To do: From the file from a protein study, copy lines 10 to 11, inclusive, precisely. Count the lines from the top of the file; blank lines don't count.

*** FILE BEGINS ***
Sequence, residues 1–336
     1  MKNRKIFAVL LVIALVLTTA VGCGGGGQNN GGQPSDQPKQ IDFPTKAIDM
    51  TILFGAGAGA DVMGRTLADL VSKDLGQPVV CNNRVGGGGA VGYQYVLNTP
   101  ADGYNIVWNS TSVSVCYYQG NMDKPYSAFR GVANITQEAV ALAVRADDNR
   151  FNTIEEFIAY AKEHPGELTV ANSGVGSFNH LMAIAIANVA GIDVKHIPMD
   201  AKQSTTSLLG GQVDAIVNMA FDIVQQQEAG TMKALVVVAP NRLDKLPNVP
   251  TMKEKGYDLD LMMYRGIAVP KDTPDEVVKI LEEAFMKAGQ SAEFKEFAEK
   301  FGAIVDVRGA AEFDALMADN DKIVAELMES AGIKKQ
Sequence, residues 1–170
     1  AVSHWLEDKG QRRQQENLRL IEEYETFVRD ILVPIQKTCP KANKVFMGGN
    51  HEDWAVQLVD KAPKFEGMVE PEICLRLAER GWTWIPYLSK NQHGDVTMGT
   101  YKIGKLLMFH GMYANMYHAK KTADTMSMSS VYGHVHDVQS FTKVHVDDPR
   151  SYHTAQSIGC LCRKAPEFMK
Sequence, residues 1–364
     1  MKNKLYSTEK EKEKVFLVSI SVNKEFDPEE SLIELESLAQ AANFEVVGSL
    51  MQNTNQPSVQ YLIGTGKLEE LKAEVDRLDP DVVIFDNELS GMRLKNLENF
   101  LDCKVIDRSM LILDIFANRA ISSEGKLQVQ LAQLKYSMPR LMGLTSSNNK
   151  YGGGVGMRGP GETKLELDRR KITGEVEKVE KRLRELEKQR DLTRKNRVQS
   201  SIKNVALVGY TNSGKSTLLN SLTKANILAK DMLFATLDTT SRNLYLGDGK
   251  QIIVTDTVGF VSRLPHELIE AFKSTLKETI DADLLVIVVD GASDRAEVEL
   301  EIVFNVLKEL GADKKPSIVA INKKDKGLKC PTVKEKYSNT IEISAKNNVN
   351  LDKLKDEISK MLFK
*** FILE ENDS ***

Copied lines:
     1  AVSHWLEDKG QRRQQENLRL IEEYETFVRD ILVPIQKTCP KANKVFMGGN
    51  HEDWAVQLVD KAPKFEGMVE PEICLRLAER GWTWIPYLSK NQHGDVTMGT